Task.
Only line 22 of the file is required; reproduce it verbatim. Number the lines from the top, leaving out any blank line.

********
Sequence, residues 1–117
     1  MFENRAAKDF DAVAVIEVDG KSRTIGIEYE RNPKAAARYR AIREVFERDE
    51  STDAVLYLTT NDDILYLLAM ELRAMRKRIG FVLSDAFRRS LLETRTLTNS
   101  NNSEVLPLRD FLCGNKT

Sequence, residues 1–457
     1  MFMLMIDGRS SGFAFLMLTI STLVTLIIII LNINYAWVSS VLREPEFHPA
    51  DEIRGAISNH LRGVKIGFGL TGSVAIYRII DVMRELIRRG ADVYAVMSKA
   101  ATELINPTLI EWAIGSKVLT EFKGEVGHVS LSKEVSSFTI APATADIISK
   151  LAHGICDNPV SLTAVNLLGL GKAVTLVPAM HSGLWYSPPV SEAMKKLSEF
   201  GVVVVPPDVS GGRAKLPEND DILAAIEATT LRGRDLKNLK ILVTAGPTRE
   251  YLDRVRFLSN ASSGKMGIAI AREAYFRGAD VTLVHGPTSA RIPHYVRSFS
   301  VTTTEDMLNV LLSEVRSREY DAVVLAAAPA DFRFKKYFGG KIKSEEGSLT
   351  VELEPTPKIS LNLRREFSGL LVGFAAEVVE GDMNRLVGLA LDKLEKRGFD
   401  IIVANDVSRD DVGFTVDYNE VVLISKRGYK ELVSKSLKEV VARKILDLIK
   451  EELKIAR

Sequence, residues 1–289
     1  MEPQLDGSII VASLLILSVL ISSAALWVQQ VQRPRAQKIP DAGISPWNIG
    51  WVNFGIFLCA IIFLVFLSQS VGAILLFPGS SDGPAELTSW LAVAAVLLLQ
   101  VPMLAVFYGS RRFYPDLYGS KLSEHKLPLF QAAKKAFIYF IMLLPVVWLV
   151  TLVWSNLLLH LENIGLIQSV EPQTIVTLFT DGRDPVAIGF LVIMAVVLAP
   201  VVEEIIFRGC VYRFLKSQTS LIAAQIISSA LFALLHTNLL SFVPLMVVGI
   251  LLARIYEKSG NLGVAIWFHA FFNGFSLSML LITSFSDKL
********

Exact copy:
   251  LLARIYEKSG NLGVAIWFHA FFNGFSLSML LITSFSDKL